‘Mr. Las Vegas’ Wayne Newton Increasing Security After Returning Home to Find Burglary in Progress: Part of Dramatic Crime Wave Across Valley
Posted on: June 15, 2018, 01:30h.
Last updated on: June 15, 2018, 02:51h.
Perennial Las Vegas headliner Wayne Newton and wife Kathleen were the victims of a home invasion burglary Wednesday night, which they interrupted in flagrante. In response, the couple says they’re now upping security measures at their residence.
The Newtons returned to their Las Vegas home close to midnight on Wednesday following the iconic performer’s “Up Close and Personal” show currently running at Bally’s. The couple found two burglars inside the property, who immediately fled upon being discovered.
Police arrived quickly, but were not able to apprehend the suspects.
“We are grateful for the officers’ fast response and attention to this incident,” the Newtons told the Las Vegas Review-Journal. “We are confident that our home surveillance video will lead to the apprehension and arrest of these individuals.”
The couple said they’re adding extra security, and now have 24-hour armed guards protecting their residence. The home that was invaded is not the popular 40-acre Casa de Shenandoah, which was converted to a tourist destination in 2015 and opened to the public as a popular stop.
Lifestyles of the Rich and Famous
Although Newton often stopped by for special events, he no longer lived on the massive estate once it underwent that conversion. In 2013, as part of a settlement of a long and bitter bankruptcy battle, the Strip entertainer moved out of Casa de Shenandoah and “downsized” to a $3 million, 9,000-square-foot, two-story manor with 6 1/2 bathrooms and 20 acres.
It is at that second property that this week’s burglary took place. For a man with Newton’s lavish taste and extensive Rolls-Royce collection (most of which was housed at Casa de Shenandoah while it was open to the public), it might not be surprising that thieves would target his newer home.
No word from Metro on how the burglars gained entry to the estate, and Metro said it wasn’t known as of yet if the invaders got away with any of the Newtons’ possessions. The suspects were last seen fleeing the property and heading north.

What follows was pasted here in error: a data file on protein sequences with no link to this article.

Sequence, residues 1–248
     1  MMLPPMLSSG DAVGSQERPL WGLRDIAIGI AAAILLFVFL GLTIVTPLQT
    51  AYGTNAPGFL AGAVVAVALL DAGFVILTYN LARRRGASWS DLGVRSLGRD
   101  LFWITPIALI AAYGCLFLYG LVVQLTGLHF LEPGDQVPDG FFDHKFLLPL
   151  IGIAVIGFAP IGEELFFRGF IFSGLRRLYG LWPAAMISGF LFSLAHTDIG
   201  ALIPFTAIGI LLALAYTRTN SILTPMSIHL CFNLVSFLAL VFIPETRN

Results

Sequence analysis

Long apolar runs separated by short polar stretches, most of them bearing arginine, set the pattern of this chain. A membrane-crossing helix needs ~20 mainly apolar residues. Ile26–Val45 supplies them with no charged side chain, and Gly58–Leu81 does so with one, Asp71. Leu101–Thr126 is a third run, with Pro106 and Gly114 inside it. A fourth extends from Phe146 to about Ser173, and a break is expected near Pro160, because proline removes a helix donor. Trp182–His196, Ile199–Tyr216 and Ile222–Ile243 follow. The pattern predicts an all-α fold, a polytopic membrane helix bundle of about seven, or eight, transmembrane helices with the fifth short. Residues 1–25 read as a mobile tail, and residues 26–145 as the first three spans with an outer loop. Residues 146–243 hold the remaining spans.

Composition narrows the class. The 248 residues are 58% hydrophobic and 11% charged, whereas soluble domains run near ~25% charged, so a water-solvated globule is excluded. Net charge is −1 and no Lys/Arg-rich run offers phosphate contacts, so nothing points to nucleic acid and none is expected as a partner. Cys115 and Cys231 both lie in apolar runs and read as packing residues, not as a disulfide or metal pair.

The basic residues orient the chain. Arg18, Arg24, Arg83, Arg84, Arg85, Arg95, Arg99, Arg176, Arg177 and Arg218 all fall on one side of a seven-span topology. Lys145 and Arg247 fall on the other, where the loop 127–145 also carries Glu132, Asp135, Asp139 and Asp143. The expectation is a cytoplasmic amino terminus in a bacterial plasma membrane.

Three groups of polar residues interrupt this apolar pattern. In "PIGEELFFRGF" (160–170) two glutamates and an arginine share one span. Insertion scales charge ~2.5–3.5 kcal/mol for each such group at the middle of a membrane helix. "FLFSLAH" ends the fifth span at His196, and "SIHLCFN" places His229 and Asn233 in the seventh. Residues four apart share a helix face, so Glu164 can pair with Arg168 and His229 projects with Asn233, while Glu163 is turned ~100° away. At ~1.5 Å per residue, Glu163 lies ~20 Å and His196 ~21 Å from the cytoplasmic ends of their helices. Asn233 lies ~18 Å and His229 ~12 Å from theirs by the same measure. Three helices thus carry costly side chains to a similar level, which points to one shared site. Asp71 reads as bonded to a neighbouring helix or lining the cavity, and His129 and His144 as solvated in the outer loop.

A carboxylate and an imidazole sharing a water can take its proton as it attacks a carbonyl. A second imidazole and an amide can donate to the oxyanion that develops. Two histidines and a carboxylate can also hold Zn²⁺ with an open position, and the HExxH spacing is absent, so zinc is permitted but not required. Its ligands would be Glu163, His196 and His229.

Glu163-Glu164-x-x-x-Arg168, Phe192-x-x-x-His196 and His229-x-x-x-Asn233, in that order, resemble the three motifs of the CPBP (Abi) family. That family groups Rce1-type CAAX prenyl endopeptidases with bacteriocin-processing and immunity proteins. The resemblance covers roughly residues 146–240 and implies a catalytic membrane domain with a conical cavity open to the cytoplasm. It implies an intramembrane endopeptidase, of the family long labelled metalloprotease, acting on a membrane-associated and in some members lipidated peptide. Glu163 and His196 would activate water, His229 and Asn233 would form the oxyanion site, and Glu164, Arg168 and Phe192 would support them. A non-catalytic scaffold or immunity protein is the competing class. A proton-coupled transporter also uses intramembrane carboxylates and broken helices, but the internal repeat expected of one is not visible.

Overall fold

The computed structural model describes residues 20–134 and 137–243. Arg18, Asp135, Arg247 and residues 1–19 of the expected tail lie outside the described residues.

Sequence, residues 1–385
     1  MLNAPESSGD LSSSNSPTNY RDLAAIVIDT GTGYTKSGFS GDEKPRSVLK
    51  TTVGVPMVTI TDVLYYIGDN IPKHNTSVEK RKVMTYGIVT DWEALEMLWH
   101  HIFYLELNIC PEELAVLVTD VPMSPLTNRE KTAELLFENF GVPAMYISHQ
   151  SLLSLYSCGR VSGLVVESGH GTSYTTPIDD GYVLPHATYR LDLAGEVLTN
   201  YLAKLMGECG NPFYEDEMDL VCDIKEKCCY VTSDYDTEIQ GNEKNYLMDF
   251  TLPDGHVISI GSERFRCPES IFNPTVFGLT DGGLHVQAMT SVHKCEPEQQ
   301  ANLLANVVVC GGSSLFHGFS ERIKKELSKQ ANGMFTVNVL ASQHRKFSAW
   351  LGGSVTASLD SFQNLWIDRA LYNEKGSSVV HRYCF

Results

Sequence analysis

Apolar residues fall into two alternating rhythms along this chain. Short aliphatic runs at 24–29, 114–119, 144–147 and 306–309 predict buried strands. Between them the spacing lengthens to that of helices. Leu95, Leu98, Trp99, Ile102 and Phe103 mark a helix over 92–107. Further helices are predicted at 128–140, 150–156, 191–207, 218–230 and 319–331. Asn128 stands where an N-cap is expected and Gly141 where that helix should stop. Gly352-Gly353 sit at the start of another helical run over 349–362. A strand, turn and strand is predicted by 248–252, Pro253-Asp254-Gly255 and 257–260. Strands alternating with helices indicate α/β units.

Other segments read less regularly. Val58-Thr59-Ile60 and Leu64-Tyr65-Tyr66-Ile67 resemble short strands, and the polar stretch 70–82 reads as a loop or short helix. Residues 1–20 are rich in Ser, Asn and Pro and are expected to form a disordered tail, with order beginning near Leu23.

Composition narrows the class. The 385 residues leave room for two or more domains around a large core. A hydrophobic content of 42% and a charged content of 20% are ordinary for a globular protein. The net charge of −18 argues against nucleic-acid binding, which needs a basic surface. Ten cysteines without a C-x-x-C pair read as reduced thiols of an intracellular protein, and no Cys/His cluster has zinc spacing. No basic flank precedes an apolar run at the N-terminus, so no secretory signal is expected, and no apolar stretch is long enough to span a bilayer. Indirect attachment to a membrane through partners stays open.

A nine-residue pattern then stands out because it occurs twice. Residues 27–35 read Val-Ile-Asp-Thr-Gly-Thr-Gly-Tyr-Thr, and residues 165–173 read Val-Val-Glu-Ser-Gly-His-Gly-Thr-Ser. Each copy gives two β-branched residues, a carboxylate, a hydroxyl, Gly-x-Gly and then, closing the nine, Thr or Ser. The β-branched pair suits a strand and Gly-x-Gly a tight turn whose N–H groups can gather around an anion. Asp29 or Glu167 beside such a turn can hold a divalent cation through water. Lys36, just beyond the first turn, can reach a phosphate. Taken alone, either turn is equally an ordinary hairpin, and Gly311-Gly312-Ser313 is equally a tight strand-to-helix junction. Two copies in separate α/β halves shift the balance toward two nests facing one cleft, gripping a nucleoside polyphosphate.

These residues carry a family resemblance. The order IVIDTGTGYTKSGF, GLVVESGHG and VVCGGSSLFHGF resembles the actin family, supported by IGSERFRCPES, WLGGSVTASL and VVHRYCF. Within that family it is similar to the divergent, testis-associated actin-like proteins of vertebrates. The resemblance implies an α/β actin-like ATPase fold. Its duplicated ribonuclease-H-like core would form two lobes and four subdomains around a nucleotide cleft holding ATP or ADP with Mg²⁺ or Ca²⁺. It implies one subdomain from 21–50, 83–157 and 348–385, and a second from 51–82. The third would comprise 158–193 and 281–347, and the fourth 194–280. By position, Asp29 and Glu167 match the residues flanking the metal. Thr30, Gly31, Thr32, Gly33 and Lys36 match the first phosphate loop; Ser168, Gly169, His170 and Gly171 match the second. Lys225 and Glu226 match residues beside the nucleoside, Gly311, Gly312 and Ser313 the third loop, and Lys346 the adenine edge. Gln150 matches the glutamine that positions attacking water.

The Newton residence on Oquendo Road is about a mile from Casa de Shenandoah, which has remained closed for renovations since May 2. The 52-acre property was originally built in 1968 in an area that was then secluded, but which is now surrounded on all sides by homes and businesses.
Despite being one of Las Vegas’ most legendary attractions, Newton has battled financial troubles for many years.
He filed for Chapter 11 bankruptcy in 1992 after reporting debt of $20 million. In 2005, the IRS sued the entertainer on grounds he owed over $1.8 million in back taxes and penalties.
Newton’s decision to turn Casa de Shenandoah into a museum dates back to 2010, when he partnered with Texas billionaire Lacy Harber.
The Newtons subsequently moved into Oquendo Rd. mansion that was previously owned by Norbert Aleman, the Las Vegas producer responsible for the burlesque show Crazy Girls. Harber fought off developers who tried to acquire the property in bankruptcy, with plans of demolishing the ranch and turning the 40 acres into a housing subdivision.
A bold message on the iconic property’s website states: Casa de Shenandoah is currently completely closed for all activities. Casa is undergoing extensive maintenance, repairs, and renovation. There is no set date for completion, but we do hope to re-open soon.
This really is a piece of Las Vegas history,” Newton said in 2015. “It would be a shame for it to be turned into something else.”
Crime in Las Vegas: What’s Going On?
Beginning in 2016, Las Vegas started seeing a substantial bump in serious crimes around the valley, including homicides, sexual assaults, and robberies. Violent crimes spiked by as much as 22 percent that year, and the trend just seems to be going up and up ever since. Sin City’s murder rate alone spiked 73 percent two years ago.
What’s to blame? Metro says much of it is due to both being understaffed, not having enough available room to incarcerate all who should be, and neighboring California’s questionable efforts at prison reform, which have resulted in “a significant increase in the number of folks we contact in our gang area who come from California,” according to Metro Undersheriff Kevin McMahill.
The Newtons were fortunate not to be harmed by the escaping burglars. Just over two weeks ago, in another part of town, United Airlines flight attendant Sheri Aoyagi, 60, returned home after lunch with her partially incapacitated husband to find burglars leaving her house. One of them reached into his car, pulled out a firearm, and shot and killed the unarmed woman, killing her right in front of her husband.
Although the burglars then fled, they were apprehended a few days later in California.
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